Cape May Red Crossbills

Authors Michael O’Brien & Tom Johnson:

New Jersey’s Cape May peninsula has been well watched by birders for over a century, making it an excellent place to attain insight into the long-term ebb and flow of irruptive species like Red Crossbill (Loxia curvirostra). As Red Crossbills have never been known to nest in Cape May County, their presence here in modern times appears to be strongly correlated with widespread regional irruption events. However, reports of nesting in the pine barrens of nearby Ocean and Burlington counties (Walsh et al. 1999) suggests that breeding in Cape May County is something to watch for.

Apparently very rare in the early part of the 20th century, Stone (1937) noted but one record of Red Crossbill for Cape May County, a bird found dead on 4 March 1923. Through the middle of the 20th century, records were few until a major irruption occurred into New Jersey in the fall/winter of 1952/53 (Walsh et al. 1999), as well as elsewhere in the Northeast in 1963/64 and 1965/66 (CBC data). Widespread irruptions reached Cape May in 1969/70, 1973/74, 1975/76, and 1981/82 (Sibley 1997, Walsh et al. 1999). Then, after a gap of more than a decade with only a handful of records, another flurry of irruptions occurred into Cape May in 1997/98, 1999/00, 2001/02, 2007/08, 2012/13, 2016/17, 2018/19, and 2020/21 (Sibley 1997, eBird). The largest of these irruptions were in 1973/74, 1975/76, 2012/13, and 2020/21, when high counts numbered in the low hundreds (Sibley 1997, eBird). When these irruptions occur, eBird data shows that the first birds typically appear in Cape May in late October/early November, with peak counts around the end of November. Numbers then trail off through December and January, with only occasional records through early April, and a very few records into mid-May. Additionally, there are single records in June 2013 and July 2019.

Figure 1. eBird bar chart showing Red Crossbill occurrence in Cape May County, New Jersey.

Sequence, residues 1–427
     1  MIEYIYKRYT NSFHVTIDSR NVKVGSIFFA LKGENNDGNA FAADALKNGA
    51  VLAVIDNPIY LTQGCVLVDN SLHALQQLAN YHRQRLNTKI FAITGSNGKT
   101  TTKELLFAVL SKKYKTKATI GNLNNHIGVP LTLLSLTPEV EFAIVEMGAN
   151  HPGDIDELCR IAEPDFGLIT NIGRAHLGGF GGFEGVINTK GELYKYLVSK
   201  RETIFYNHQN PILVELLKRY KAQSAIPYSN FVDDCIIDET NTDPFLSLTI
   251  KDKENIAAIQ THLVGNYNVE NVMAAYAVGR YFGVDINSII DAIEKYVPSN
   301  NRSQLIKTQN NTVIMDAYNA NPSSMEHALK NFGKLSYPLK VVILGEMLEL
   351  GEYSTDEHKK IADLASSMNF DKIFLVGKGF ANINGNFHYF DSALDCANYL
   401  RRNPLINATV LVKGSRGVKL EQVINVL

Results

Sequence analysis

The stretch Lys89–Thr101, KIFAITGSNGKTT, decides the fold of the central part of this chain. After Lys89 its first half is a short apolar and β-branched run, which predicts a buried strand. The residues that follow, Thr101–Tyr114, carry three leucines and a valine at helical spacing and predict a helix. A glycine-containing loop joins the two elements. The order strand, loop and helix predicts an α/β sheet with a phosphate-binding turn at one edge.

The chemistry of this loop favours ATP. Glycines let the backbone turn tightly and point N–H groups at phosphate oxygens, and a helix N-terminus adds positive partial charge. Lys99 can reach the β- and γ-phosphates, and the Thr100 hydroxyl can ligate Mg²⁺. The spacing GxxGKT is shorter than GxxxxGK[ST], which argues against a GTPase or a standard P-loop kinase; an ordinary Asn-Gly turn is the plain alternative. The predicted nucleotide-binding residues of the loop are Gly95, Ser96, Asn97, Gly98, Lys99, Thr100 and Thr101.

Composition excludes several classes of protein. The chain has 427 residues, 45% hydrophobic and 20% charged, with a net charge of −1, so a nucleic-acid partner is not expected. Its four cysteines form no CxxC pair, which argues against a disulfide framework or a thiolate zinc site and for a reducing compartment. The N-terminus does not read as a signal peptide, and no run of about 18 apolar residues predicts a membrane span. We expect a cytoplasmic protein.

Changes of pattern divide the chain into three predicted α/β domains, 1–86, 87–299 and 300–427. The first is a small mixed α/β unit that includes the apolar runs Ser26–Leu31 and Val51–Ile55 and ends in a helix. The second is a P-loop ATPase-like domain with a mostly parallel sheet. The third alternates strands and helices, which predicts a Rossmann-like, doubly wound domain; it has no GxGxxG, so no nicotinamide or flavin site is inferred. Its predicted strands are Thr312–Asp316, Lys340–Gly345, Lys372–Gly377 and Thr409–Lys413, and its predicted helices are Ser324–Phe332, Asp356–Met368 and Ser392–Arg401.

When Red Crossbills do occur in Cape May County, they are regularly seen in active migration, commuting between feeding sites, and feeding in conifers. Many records here are of individuals or flocks flying past migration watch points in morning flight, though it is clear that during peak movements, birds pass by through most of the daylight hours, not just during the heavily watched hours immediately after dawn. When crossbills settle in and feed for extended periods, it can be difficult to keep track of which flying flocks are actively migrating and which are simply commuting between feeding sites. However, in some cases such as the large 2012/13 and 2020/21 irruptions, flocks of crossbills were regularly seen departing Cape May Point and flying south or west over Delaware Bay, presumably on to coastal points south along the Delmarva Peninsula.

In the 1990s, after Jeff Groth published his landmark manuscript on the Red Crossbill complex (Groth 1993), observers began to scrutinize Red Crossbills more closely, and in particular, pay close attention to their flight calls. From audio recordings, we have good documentation on which Red Crossbill “types” occurred during irruptions from 1997 onward. In total, five different types have been recorded, including Types 1, 2, 3, 4, and 10. Of these, Type 12 (Formerly “Eastern Type 10) is the most frequent, being the dominant type recorded in all irruptions except 2012/13, when Type 3 was dominant.